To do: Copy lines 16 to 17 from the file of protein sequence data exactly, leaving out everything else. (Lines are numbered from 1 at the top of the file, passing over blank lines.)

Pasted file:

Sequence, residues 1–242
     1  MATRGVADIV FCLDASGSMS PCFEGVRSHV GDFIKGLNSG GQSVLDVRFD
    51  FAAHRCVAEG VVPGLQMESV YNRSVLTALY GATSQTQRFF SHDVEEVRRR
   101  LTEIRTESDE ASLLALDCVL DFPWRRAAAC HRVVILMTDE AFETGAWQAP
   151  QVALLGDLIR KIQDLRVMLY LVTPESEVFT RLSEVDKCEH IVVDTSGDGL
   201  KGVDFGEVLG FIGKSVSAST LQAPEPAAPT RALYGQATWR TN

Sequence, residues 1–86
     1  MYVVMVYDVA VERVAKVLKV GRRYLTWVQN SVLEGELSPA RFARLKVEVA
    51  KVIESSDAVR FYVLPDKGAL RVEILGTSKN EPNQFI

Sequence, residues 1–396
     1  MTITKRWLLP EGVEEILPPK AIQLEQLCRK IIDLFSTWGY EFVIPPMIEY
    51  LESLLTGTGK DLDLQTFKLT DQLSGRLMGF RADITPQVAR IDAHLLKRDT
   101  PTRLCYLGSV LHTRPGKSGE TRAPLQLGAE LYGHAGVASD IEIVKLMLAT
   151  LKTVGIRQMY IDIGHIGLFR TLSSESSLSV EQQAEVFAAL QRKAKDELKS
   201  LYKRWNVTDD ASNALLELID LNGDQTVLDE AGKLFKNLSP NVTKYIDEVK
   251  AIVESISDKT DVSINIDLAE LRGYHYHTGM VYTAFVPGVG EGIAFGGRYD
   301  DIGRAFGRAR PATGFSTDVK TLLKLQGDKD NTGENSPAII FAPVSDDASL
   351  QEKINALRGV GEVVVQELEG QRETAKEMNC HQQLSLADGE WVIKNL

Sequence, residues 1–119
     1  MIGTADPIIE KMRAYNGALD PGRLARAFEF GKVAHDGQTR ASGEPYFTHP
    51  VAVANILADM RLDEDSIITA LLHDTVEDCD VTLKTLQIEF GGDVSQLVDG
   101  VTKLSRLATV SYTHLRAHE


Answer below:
   251  AIVESISDKT DVSINIDLAE LRGYHYHTGM VYTAFVPGVG EGIAFGGRYD
   301  DIGRAFGRAR PATGFSTDVK TLLKLQGDKD NTGENSPAII FAPVSDDASL